While both Kathryn and I had recovered from our illness by the time we left our rest-break in Bay View campsite near Napier, we were still drained by the ordeal. We looked forward to visiting Taupo and especially Rotorua which is known as the health centre of New Zealand thanks to its active geothermal nature. With a lighter event schedule for a few weeks we were also anticipating a bit of sightseeing here and there too.

We drove to Taupo under increasingly cloudy skies so we headed straight for our chosen campsite by the lake edge when we arrived and hoped for some clear weather the following day. Our wish was granted and we woke to a beautiful view across Lake Taupo to the snow covered peaks of the Tongariro National Park in the South West. We had to be in Rotorua that evening ready for an all-day event at Westbrook School the day after so we set off to explore the local area good and early.

Sadly it seems all of the areas geothermal pools are now pay-to-view. We had an old Lonely Planet guide which suggested a site called Craters of the Moon, owned by the DoC, but unfortunately that was now privately run too. There was however a road opposite the turning for the Craters which indicated Huka Falls. We went to investigate and were delighted by a spectacular sight. The Waikato River drains Lake Taupo and is New Zealand’s longest river. This river system provides approximately 15% of New Zealand’s electricity requirements. The falls have formed close to Lake Taupo where the river channel has had to cut through a tough chunk of granite which forces the previously wide and relatively gentle flow of the river in to a tight gorge. The fast churning flow this creates travels nearly 200 meters before plummeting the 9 meters of the falls and calming again, though as a rather more air-bubbly river which gives it its Maori name meaning ‘foam’. These falls which pass 200,000L of water per second are also the reason there are no eels in Lake Taupo – they can’t negotiate the fast falls and flow in the channel.

Our final bid at finding some free geothermal activity around Taupo took us down a lumpy gravel track. There we found a delightful café, campsite and a small number of farm animals at Wairakei Natural Thermal Valley which looks a very peaceful place to spend some time. Sadly the geothermal walk did have a fee, so we took some photos of the fantastic pig before setting off for Rotorua.

Rotorua is the most geothermally active region in New Zealand and you certainly notice it when you arrive. While obvious, it is thankfully not unpleasant or overwhelming. Our first day didn’t leave us much time to appreciate the area as we had 5 year groups to talk to at Westbrook School. We must say a quick congratulations to everyone involved with the school. It is one of the best behaved and friendly places we’ve been in all of our travels! Unfortunately, with being so busy there we completely forgot to take any photos!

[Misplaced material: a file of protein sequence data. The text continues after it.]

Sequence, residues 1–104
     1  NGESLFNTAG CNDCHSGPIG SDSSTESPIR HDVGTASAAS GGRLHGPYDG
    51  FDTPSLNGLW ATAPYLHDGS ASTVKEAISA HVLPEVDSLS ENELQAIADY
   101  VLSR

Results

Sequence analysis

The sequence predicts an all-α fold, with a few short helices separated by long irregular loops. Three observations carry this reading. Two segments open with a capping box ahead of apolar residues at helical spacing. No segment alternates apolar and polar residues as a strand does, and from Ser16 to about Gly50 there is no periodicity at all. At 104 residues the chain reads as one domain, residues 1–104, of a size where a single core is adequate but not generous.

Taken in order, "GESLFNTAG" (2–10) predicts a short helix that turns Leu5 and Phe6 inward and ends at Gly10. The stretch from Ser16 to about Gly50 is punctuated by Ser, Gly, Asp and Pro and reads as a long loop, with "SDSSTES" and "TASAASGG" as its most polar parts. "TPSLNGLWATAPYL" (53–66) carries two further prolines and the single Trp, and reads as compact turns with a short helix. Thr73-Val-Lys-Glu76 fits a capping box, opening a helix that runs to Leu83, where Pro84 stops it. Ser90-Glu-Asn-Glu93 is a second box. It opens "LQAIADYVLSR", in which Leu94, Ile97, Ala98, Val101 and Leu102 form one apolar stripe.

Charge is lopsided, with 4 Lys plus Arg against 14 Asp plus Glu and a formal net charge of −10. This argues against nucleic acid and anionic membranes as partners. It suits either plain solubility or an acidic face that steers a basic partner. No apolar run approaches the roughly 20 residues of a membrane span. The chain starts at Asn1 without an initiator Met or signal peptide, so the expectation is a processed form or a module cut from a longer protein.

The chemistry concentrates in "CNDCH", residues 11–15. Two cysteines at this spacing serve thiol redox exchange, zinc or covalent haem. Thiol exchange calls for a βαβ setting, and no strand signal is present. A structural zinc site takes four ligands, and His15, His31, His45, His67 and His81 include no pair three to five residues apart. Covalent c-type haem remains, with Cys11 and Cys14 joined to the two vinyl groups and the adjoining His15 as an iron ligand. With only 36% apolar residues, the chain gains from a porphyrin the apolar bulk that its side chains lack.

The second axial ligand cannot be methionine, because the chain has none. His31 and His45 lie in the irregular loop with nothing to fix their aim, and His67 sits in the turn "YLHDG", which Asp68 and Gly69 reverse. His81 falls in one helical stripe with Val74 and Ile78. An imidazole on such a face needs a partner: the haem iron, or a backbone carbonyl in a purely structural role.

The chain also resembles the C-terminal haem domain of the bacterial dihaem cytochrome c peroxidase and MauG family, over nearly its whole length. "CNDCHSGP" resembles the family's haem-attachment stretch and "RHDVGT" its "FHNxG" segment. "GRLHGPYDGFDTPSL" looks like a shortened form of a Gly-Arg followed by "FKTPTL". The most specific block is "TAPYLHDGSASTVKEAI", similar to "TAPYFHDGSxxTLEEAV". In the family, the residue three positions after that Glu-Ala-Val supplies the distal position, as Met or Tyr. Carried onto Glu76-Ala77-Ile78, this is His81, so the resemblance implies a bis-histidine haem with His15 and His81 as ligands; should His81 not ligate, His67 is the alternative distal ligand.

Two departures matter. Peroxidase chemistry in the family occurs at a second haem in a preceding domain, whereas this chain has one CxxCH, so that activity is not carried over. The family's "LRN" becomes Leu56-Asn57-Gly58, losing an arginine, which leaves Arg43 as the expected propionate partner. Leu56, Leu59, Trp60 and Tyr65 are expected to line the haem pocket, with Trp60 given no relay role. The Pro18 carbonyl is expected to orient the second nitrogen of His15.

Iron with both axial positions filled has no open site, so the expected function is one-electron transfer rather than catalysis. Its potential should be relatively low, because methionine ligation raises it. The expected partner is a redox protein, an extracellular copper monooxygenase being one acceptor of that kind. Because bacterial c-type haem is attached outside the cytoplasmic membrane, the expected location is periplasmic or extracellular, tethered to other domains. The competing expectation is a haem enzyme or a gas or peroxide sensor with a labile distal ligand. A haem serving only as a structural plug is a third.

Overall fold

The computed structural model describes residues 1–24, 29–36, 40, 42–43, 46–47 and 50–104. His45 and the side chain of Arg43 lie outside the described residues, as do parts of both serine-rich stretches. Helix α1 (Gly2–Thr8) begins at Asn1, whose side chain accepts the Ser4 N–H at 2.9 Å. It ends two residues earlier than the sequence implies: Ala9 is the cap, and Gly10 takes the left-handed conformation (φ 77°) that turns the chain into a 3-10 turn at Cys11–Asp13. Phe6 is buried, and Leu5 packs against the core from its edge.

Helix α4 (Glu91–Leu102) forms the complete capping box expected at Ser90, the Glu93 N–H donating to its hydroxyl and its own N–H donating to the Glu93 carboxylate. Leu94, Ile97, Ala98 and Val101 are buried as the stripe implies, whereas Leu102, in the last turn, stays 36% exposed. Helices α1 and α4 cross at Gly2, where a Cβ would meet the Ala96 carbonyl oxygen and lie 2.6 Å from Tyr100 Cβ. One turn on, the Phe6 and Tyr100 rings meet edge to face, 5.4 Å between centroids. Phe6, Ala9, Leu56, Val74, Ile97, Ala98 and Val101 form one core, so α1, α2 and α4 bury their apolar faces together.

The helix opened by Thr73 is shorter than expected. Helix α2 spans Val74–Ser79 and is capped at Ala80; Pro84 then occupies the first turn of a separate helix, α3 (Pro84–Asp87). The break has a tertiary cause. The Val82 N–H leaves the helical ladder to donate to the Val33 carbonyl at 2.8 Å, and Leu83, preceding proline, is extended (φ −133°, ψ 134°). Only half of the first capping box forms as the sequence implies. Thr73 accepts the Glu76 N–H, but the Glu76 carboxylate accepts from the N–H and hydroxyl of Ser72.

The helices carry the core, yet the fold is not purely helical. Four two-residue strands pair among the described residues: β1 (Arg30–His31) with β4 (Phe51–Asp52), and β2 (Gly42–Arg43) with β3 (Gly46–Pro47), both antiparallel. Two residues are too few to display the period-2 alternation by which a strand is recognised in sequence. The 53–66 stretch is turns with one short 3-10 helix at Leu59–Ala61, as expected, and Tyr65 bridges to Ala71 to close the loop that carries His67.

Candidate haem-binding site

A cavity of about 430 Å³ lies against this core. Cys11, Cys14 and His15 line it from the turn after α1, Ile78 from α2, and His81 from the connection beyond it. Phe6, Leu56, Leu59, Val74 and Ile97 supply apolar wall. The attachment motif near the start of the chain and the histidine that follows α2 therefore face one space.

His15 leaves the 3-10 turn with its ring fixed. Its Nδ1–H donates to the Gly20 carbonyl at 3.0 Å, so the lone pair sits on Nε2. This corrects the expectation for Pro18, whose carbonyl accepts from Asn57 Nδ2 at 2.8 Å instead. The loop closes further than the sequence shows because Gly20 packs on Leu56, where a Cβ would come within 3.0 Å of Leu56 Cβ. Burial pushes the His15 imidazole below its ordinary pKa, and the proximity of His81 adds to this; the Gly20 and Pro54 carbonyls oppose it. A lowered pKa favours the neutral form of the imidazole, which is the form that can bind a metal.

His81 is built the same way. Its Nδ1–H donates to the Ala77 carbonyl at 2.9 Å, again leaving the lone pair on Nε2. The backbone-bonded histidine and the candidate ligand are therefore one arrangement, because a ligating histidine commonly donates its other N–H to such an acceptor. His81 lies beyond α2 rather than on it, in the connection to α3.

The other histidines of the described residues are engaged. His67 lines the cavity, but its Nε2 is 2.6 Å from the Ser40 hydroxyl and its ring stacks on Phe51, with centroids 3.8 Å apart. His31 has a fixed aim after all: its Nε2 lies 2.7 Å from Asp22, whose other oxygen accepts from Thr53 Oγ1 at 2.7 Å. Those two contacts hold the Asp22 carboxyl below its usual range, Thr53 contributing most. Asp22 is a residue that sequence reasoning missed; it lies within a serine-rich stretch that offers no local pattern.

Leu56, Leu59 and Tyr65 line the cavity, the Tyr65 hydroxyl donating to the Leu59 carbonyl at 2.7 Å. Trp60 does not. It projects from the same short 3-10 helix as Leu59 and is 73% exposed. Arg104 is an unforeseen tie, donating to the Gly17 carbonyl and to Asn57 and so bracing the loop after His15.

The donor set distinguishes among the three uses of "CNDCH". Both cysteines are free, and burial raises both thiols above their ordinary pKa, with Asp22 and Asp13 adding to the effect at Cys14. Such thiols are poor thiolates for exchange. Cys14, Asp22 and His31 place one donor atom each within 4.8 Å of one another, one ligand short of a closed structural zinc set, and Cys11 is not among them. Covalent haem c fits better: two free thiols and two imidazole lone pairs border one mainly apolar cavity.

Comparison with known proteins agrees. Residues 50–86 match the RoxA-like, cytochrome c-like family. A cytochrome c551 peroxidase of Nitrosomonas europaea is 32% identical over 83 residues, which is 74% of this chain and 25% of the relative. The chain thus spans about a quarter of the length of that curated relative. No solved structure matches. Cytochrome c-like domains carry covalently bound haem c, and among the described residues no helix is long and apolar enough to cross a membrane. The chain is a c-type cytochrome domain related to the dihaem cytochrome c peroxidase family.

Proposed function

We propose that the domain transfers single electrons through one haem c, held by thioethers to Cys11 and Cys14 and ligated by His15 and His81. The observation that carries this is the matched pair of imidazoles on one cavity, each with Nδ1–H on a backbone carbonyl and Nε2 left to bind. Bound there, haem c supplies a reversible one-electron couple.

The Rotorua YHA is doing a great job of putting us up, but we never turn down an invitation to stay with any of our event hosts when offered and we’re hugely grateful to Belinda McEwan who was our point of contact for our second Rotorua event, the Kiwi Conservation Club. Quite apart from having two of the most delightful children in existence, she very generously fed us roast lamb and preservative free beef sausages for the two nights we stayed. Her partner is a Maori chap called David who I hope forgives us for asking so many questions about the culture and history of the people. The KCC event was a great success with an activity session after our talk where the children made sharks from cardboard tubes. It was fantastic fun to see the variety and detail as they were created.

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Click on the sharks to see more photos from the KCC event.

We had a look around Te Papaiouru Marae (A Marae is a Maori meeting house) and St. Faith’s Anglican Church opposite which has a window with Christ (wearing a Maori cloak) made to look like he’s walking on the water of the lake outside (sadly this photo didn’t come out well at all). When built, the bishop at the time ensured Maori designs and culture were included in the church – you can see traditional Maori weaving on the walls, and the pulpit is supported by Maori figures. Outside the church there is also a graveyard for the Maori battalion who fought in various wars.

We finish this blog with a day of raiding our savings and treating ourselves to a wonderful afternoon relaxing at the Polynesian Spa. A wide variety of treatments and pools allow for any experience you could wish for: a family spa pool, private pools, spa massages and mud treatments. Our particular favourite was the ‘Priest pool’ so called after the spring the water comes from. It’s quite acidic, supposedly very good for arthritis and rheumatism, but we especially enjoyed it as the temperature was ideal for us to stay in and it had the best views out over the steaming lake. Kathryn also braved the cold plunge pool while I shook my head in bemusement and stayed in the warm. I’ve tried that kind of thing before and it’s not my cup of tea!

After our disappointment trying to find Geothermal mud pools and similar to look at around Taupo, we’re pleased to report plenty of accessible sites in Rotorua, so we shall have pictures to share next time.